Hillel and JUF Offer Students Excellent Educational Opportunities

Hillel and JUF Offer Students Excellent Educational Opportunities

hillel Illini logoFor millions of young Americans, college represents the first step toward adulthood. The American Jewish community does particularly well in sending its children to college: 400,000 young Jewish adults attend college, 10,000 at Illinois colleges alone. Today, these students have the opportunity to learn more about their faith and culture thanks to the work of the Jewish United Fund/Jewish Federation of Metropolitan Chicago (JUF) and its partner, the Hillels of Illinois, a branch of the international organization that offers programs, fellowship, and opportunities at college campuses around the world. While JUF helps organizations like Jewish Child & Family Services reach Chicagoland Jews under the age of 18, its work with Hillel allows it to help Jews as they navigate the period between childhood and adulthood.

In fact, the Jewish mission for representation and Jewish education on college campuses began in Illinois, with the opening of the first Hillel at the University of Illinois, Urbana-Champaign. The same mission continues today, as the Hillels of Illinois strive to reach every Jewish student across the state. Furthermore, for students in Chicagoland and across the state, JUF offers a variety of other programs and services in order to help ensure that Jewish college students can learn to become the Jewish leaders of the future.

Hillel, Then and Now

In 1923, Rabbi Benjamin Frankel completed his training at rabbinical school and took over a congregation in Champaign, Illinois. Frankel accepted the position in order to work with college students. He was driven by the desire to ensure that Jewish students would have the opportunity to deepen their faith and strengthen their ties with the larger Jewish community, which led to the creation of Hillel at the University of Illinois’ campus in Urbana-Champaign. A year later, Jewish student Norman De Nosaquo founded the second Hillel at the University of Wisconsin, Madison, and by 1939, Hillel had grown to include 12 campus foundations, with 18 so-called “Hillel Extension Units” planned.

Hillel has grown by leaps and bounds since its humble beginnings. The 1960s saw Jewish Baby Boomers flooding college campuses, requiring even further expansion. By the 1990s, it had grown to the point that it left its parent organization, B’nai B’rith, to form Hillel: The Foundation for Jewish Campus Life. Through programs such as Hillel’s Alternative Spring Break and Hillel’s Ask Big Questions, the organization has risen to national prominence. Now, nearly a century after its inception, Hillel serves as the cornerstone of Jewish collegiate life on hundreds of campuses across the world.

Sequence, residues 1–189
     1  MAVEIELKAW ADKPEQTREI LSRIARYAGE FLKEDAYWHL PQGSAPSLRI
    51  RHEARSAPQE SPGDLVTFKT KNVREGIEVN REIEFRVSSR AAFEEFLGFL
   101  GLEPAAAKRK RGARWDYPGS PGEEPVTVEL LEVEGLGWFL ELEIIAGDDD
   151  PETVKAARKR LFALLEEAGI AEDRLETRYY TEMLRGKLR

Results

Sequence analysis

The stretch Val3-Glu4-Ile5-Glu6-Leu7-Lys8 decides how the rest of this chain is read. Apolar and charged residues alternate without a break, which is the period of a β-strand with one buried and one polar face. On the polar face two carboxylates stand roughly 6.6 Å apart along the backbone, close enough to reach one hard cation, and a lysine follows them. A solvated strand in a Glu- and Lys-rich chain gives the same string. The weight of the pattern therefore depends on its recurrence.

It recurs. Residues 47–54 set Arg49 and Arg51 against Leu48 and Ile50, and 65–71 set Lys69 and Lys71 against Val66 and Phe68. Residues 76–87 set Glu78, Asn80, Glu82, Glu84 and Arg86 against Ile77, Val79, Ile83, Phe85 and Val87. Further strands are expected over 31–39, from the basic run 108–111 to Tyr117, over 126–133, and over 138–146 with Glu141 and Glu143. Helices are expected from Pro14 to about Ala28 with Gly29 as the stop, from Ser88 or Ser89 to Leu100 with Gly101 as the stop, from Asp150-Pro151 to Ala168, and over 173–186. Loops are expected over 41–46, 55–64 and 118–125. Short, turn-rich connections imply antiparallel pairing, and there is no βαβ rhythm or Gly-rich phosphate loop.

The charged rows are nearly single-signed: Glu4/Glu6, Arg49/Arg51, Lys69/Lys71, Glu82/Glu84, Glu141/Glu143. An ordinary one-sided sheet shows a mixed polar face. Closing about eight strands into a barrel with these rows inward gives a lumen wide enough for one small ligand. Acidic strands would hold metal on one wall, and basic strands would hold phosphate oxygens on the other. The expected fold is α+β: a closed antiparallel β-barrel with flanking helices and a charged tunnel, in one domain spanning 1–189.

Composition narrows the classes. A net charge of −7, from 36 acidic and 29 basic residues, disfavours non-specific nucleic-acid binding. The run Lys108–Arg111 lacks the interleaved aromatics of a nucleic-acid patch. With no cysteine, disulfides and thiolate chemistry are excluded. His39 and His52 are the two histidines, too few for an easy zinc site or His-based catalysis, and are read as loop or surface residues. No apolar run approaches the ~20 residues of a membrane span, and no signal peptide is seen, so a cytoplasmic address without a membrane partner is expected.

The Hillels of Illinois have been particularly successful. The school where Hillel started now has the Cohen Center for Jewish Life, while students in the greater Chicago area enjoy institutions such as Fiedler Hillel Center at Northwestern University and Newberger Hillel Center at the University of Chicago, as well as numerous other branches of the organization that are joined together by Metro Chicago Hillel. The Hillels of Illinois currently conduct their work as a department of the Jewish Federation of Metropolitan Chicago, and as such, it has many opportunities to work with the JUF to support Jewish students.

Hillel and JUF Focuses on Jewish Internships with Lewis Program

chicago skylineOne of the flagship Hillel/JUF programs is the Harriet and Maurice Lewis Summer Intern Program (LISP), which has been providing eight-week internships to students since it was founded in 1987. Every year, between 30 and 40 college students earn the opportunity to work and study at Jewish nonprofit organizations across Chicago, and more than 700 students have taken the opportunity to learn and grow since the program was introduced. In addition to giving students the chance to gain the necessary experience to become valuable members of the Jewish community after graduation, LISP ensures that Chicagoland Jewish organizations have the opportunity to benefit from the services of some of the most qualified young people in the region.

Recently, LISP decided to expand its services, creating a second track for the program. During the summer of 2015, LISP gave seven students the chance to work in the for-profit sector with jobs at Jewish businesses in the marketing, health care administration, real estate, and finance industries. For 2016, LISP plans on turning this experiment with for-profit internships into a permanent part of the program while simultaneously doubling the number of non-profit internship placements.

Other College Services Offered by JUF

In addition to LISP, JUF and Hillel have worked together to offer a variety of other programs aimed at college students. Hillel’s Birthright Israel program remains enormously popular, and the 2014-2015 school year saw over 1,200 Chicagoland students travel to Israel. JUF also offers numerous other opportunities for students to travel abroad, including assistance in applying for scholarships, jobs at camps like Kefiada in Kiryat Gat-Lachish-Shafir, and mission opportunities through JUF.

At home, JUF has also continued to expand the Israel Education Center’s services, ensuring that Jewish students on Illinois college campuses have the tools they need to advocate for their homeland. The organization has strived to ensure that every Jewish student in the greater Chicago region has the opportunity to go to college. The Ehrlich Student Loan Program, established in 2004, offers subsidized loans to Jewish students from Chicago.